For many developing countries, Pakistan is a virtuous example of strategic planning in research management. Could you explain what happened in the last decade?
During my appointment as federal minister for science and technology (2000-2002), federal minister of education (2002) and chairman of the Higher Education Commission with the status of federal minister (2002-2008), Pakistan launched a five-step plan for scientific development. This involved training of the brightest young persons at leading universities of the world, provision of jobs immediately on their return with high salaries linked to performance, free access to literature, free access to instrumentation, and clustering of personnel in similar fields.
First, we have sent some 11.000 students to the world's top universities after identification of the brightest by merit and over a billion US dollars were spent on this initiative to create a critical mass of high quality faculty. We trained them in critically important fields that were linked to our nation's development plans. Second, we created an attractive environment to lure them back home. How? We have raised the salaries for professors, up to five times the salaries of federal ministers in the government! But more importantly, we have brought in a completely new system of appointment, which is the “tenure-track” system that allows only the best to be retained in a highly competitive environment and gets rid of the dead wood. A scientist is given a contract for three years, after which he or she is evaluated by an international panel of experts. After positive evaluation, a second contract is granted for another three years. And only after this six-year contractual period and two independent evaluations by foreign experts is the faculty member given a permanent appointment.
What about the other three steps?
We have granted access to literature, by creating a digital library that is among the finest in the world. Every student in every university in Pakistan today has access to more than 25,000 international journals and some 65,000 textbooks and research monographs from 220 international publishers. Search engines such as “Scifinder Scholar” have also been made available to facilitate literature searches. In addition, we have provided access to the more sophisticated instrumentation – which is quite a difficult task because it requires a lot of funding as well as the ability to operate those instruments and maintain them properly. To overcome this challenge, I started a novel initiative so that Pakistan became the first in the world to offer “open access instrumentation”.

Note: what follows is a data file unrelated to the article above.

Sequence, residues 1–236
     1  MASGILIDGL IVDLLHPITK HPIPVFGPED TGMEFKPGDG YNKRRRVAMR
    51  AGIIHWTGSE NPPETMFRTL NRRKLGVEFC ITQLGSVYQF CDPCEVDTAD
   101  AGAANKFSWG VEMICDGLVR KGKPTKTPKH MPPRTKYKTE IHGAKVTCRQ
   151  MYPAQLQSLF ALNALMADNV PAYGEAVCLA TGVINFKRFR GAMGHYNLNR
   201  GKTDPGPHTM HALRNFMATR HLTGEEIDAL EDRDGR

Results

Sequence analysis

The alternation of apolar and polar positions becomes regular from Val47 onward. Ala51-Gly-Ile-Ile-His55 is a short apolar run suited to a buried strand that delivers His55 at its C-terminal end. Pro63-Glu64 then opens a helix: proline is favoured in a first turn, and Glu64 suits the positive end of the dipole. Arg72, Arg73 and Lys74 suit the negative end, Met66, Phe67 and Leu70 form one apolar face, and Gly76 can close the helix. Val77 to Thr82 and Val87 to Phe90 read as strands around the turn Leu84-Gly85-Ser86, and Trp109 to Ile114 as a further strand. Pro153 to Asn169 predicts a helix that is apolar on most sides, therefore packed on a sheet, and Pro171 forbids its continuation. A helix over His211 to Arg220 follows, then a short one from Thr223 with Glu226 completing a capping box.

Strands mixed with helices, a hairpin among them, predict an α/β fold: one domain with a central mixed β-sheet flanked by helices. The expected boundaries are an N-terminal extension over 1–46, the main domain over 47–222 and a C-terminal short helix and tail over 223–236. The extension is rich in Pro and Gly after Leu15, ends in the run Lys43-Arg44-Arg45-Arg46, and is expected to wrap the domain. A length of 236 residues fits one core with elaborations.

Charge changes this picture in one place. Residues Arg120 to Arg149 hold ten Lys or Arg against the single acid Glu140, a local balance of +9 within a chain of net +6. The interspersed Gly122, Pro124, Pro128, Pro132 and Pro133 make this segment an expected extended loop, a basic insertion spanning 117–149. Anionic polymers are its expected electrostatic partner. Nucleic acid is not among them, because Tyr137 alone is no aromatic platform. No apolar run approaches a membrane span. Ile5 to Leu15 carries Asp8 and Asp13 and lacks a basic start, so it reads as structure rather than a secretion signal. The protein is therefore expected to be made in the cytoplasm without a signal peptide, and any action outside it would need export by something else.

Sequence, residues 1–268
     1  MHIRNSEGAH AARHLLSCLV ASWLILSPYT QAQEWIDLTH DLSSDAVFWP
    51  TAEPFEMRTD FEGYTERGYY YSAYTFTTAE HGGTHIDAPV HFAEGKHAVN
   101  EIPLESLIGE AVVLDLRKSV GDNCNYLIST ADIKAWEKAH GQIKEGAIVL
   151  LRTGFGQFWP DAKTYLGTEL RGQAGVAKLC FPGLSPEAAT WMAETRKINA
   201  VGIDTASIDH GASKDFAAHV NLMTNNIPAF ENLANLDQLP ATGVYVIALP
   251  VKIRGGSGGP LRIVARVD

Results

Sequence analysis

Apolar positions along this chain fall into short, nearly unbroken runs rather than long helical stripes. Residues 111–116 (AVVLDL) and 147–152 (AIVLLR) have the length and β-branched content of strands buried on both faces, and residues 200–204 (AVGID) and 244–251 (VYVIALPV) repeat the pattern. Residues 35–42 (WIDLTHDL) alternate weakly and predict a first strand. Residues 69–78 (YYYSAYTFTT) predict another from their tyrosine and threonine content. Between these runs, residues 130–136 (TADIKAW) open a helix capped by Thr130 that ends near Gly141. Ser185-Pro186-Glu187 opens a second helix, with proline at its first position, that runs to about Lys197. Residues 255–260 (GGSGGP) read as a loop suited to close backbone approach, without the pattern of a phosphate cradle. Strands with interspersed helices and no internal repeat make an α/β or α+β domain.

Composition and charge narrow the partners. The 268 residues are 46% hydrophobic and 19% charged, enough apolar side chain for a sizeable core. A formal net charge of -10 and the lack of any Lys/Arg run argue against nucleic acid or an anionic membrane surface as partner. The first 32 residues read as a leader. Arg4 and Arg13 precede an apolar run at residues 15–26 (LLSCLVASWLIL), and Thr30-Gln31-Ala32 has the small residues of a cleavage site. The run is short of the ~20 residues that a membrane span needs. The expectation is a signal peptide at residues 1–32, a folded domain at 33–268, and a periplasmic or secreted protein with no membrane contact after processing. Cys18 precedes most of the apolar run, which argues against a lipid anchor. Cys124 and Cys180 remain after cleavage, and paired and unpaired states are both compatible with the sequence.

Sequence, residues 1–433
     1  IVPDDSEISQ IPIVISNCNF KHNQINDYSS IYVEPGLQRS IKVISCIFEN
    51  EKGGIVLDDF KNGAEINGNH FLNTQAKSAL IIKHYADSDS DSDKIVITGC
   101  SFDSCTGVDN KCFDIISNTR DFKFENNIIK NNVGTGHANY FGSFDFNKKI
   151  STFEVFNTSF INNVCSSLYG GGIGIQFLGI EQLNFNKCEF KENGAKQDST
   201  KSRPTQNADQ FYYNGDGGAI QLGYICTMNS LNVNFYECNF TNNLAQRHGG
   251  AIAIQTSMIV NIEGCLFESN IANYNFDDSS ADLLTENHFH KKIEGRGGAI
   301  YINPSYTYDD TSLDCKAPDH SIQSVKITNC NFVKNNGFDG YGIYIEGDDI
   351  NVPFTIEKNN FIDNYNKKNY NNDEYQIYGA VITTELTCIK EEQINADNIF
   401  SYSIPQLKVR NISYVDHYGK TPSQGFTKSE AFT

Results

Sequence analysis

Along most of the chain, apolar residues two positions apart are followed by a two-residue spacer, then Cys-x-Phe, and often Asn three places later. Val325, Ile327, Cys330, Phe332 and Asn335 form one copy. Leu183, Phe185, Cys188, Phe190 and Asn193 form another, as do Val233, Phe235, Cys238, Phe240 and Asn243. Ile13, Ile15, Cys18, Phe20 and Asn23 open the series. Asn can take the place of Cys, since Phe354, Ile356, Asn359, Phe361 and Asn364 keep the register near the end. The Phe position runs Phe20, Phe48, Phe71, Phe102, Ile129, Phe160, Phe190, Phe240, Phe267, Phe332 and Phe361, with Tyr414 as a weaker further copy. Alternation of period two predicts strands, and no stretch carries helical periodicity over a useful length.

What is “open access instrumentation”?
It is very simple. Every researcher in the country can send his samples to any institution of his or her choice in the country. The analysis is done in 72 hours free of charge. Then, the institute providing the analysis generates a bill that is sent to the Higher Education Commission – to me – for payment.
There is one last step in your scientific reform. What is it?
Clustering. You need to have a critical mass of good people in every institution, so clustering good people is important. And the result was that in 2002, when I came in as a minister, we had only 700 publications in Pakistan per year in peer-reviewed journals. Now we have up to 9,500 journals and every year there is a 20% increase in our scientific publications. These few but important measures – coupled to ranking of all our universities and creating healthy internal competition – have changed the landscape of higher education across the country. And this is a model that many developing countries could adopt. They could change the entire system providing that they have a very clear understanding that the right approach should be focused on merit and quality of the faculty and providing them an enabling environment to unleash their creativity.